The opinion of the court was delivered by: Pittman, Presiding Justice
DATE OF JUDGMENT: 10/27/95
TRIAL JUDGE: HON. FRANK G. VOLLOR
COURT FROM WHICH APPEALED: WARREN COUNTY CIRCUIT COURT
DISTRICT ATTORNEY: MARTIN G. GILMORE
NATURE OF THE CASE: CRIMINAL - FELONY
DISPOSITION: REVERSED AND REMANDED - 3/25/1999
MOTION FOR REHEARING FILED:
¶1. David Allen Arthur ("Arthur") was charged with capital murder in the slaying of Brian McCown ("McCown") in the Circuit Court of Warren County Mississippi. After a four day trial the jury found Arthur not guilty of capital murder, not guilty of murder less than capital, but guilty of simple robbery, a charge for which Arthur was never separately indicted. The trial court denied Arthur's request that the verdict be vacated, and Arthur filed a writ of habeas corpus with this Court. This Court denied relief but remanded the case and instructed an appellate bond to issue pending Arthur's appeal. No. 94-M-01055-SCT (1996). Arthur now appeals to this Court, raising the following arguments for consideration:
I. ARTHUR'S RIGHT TO A SPEEDY TRIAL WAS VIOLATED BY THE ALMOST TWELVE MONTH DELAY BEFORE HIS TRIAL.
II. THE TRIAL COURT IMPROPERLY PROHIBITED THE DEFENSE FROM FULLY PRESENTING RELEVANT EVIDENCE OF THE MENTAL INSTABILITY OF ARTHUR'S CO-INDICTEE, WHO WAS THE STATE'S KEY WITNESS.
III. THE DEFENDANT'S CONVICTION FOR SIMPLE ROBBERY VIOLATES DUE PROCESS BECAUSE THE STATE, DEFENSE, AND THE COURT HAD AGREED A SIMPLE ROBBERY INSTRUCTION WAS NOT WARRANTED, AND THE ROBBERY VERDICT WAS NOT SUPPORTED EITHER BY THE EVIDENCE OR BY APPROPRIATE INSTRUCTION.
¶2. The facts of this case center around the brutal murder of Brian McCown in the early morning hours of July 17, 1994. The facts, as developed at trial, are as follows.
¶3. On the night of July 16, 1994 Arthur, then 15 years old, and Stephens, 19 years old, set out for a night of drinking, smoking pot and general dereliction. After making numerous stops for beer, searching in vain for Stephens' girlfriend and hitting all the local hangouts, the two began to wander home. Coming down the exit ramp at Hall's Ferry Road in Vicksburg they saw Brian McCown, who had been drinking at the Ameristar Casino. They offered him a ride and suggested he go drink beer with them. After stopping at Stephens' sister's house, where Stephens retrieved a hammer, the three went to a secluded area in Warren County, near Bovina, the abandoned bridge over Clear Water Creek at the end of Fox Run Road.
¶4. There, after drinking more beer and smoking pot laced with cocaine, Brian McCown was murdered. He was stabbed multiple times, and his head was bashed in with a hammer with such force that pieces of his skull were implanted into his bruised brain. McCown was also gutted, literally eviscerated, so that his intestines were outside of his body. After stealing his belongings, including his tennis shoes, his wallet containing approximately $13.00, a watch and two rings, the two unceremoniously dragged McCown's body to the middle of the abandoned bridge, and kicked him over the edge into the Clear Water Creek.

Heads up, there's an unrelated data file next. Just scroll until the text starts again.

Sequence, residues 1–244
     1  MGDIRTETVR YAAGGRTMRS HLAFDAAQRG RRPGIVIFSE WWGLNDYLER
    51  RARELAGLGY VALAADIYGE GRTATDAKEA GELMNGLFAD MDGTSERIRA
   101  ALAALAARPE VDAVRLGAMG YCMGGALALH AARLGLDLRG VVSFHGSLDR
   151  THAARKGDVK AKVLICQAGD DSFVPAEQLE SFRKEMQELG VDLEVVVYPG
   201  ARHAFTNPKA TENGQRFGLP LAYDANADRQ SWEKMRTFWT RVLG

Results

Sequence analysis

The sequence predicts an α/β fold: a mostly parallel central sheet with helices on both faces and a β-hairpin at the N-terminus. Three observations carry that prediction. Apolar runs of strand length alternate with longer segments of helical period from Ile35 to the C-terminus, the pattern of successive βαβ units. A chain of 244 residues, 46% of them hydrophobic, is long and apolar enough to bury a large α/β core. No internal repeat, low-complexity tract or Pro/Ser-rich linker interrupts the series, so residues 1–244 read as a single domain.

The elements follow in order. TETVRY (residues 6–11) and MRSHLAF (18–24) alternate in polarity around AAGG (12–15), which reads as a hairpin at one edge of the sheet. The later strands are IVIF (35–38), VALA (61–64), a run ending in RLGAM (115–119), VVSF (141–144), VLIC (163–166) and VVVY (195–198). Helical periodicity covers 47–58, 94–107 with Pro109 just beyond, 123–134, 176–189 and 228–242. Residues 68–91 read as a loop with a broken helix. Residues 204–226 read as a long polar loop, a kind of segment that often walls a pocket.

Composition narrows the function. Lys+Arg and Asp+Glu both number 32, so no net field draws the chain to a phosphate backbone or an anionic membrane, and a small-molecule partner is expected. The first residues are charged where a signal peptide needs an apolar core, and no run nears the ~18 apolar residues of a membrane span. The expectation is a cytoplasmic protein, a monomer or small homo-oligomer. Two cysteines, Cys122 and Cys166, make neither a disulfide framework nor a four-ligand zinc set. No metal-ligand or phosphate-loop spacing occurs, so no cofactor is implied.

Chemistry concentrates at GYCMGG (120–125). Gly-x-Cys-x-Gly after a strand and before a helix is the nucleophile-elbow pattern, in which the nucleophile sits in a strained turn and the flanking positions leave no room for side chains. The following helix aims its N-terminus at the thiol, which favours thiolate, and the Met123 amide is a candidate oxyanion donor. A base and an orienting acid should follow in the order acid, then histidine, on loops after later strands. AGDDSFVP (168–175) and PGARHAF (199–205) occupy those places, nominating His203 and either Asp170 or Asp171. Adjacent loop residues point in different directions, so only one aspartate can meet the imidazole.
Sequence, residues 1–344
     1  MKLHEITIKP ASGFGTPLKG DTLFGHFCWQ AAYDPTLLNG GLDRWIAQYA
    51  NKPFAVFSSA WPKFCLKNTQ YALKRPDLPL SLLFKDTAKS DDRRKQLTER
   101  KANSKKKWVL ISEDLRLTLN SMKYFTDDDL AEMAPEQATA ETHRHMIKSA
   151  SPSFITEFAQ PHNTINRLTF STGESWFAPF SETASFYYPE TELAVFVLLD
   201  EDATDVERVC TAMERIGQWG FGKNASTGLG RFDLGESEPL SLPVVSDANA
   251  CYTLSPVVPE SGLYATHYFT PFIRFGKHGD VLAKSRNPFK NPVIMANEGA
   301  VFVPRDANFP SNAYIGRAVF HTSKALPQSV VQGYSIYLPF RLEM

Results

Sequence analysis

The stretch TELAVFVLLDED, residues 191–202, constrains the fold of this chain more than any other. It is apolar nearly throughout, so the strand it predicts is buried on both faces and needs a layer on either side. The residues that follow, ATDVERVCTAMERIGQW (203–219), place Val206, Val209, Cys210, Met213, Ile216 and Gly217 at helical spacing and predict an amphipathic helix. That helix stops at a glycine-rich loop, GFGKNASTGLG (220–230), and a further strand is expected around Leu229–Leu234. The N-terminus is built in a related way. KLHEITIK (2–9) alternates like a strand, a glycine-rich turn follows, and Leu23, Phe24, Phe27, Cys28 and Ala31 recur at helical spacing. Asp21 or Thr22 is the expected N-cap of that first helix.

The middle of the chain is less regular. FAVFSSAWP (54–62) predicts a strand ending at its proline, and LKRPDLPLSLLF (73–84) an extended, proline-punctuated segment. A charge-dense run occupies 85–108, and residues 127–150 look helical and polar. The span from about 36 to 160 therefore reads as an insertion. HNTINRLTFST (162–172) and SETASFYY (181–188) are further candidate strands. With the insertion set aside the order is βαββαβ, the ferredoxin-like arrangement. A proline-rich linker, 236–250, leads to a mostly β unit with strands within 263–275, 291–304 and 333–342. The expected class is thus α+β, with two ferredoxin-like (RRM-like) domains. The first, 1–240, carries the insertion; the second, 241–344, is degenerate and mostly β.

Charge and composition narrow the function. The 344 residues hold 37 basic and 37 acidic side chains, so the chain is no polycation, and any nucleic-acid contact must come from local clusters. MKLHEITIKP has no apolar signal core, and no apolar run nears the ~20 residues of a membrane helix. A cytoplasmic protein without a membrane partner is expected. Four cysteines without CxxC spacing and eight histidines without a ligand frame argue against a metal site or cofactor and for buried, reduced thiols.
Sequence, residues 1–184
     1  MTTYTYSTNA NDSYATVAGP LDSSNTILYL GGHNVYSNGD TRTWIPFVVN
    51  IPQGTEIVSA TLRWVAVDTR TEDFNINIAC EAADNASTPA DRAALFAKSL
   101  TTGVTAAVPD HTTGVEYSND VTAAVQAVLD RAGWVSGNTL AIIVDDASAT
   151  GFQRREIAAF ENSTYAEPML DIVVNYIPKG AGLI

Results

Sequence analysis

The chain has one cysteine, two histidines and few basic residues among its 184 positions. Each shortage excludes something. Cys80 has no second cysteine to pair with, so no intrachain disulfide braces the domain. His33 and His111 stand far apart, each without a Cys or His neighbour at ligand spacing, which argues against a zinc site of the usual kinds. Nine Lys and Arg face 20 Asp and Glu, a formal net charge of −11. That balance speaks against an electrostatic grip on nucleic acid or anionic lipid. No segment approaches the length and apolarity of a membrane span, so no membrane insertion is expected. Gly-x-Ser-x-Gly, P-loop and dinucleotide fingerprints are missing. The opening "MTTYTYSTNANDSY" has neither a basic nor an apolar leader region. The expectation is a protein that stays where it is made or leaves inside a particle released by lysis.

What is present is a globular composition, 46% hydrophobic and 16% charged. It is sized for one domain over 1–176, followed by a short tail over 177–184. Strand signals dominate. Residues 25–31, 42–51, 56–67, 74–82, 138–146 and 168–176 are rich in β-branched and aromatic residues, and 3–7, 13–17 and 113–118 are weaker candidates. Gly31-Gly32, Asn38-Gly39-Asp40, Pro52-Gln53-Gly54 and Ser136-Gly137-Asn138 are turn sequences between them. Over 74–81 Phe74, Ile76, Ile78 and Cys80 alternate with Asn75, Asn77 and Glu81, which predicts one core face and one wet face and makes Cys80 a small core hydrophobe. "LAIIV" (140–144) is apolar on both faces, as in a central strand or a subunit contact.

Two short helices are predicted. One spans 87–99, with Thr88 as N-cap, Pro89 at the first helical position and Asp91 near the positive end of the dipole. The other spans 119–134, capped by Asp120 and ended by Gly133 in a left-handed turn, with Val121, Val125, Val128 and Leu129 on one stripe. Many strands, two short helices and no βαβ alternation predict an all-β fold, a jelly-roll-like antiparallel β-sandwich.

¶5. The police were called when McCown's body was discovered the next day. After an investigation, both Arthur and Stephens were arrested and charged with the capital murder of Brian McCown, predicated on the underlying felony of robbery. Trial was held on July 17, 1995. Stephens pled guilty to the murder and armed robbery, received life without parole and proceeded to testify against Arthur.
¶6. The defense's theory of the case was that Stephens was a mentally deranged drug addict who without warning ambushed McCown, slit his throat, returned to the car and retrieved a hammer, bashed McCown's head in, and then gutted him. Arthur, the defense put forth, "froze" during these happenings, and only upon threat of similar treatment by Stephens, did he then help Stephens drag McCown to the bridge and dump his body.
¶7. The state's theory of the case, based on Stephens' testimony, was that the two planned to rob McCown, and that Arthur stabbed and gutted him, while Stephens assisted by bashing him in the head with a hammer.
¶8. Extensive Discussion was held in chambers concerning whether a separate lesser included offense instruction on robbery should be given. Ultimately it was decided by the lower court and all parties that such an instruction was not warranted under the facts of this case.
¶9. The jury believed Arthur, and acquitted him of capital murder and murder less than capital. The jury however, without a separate lesser included offense ...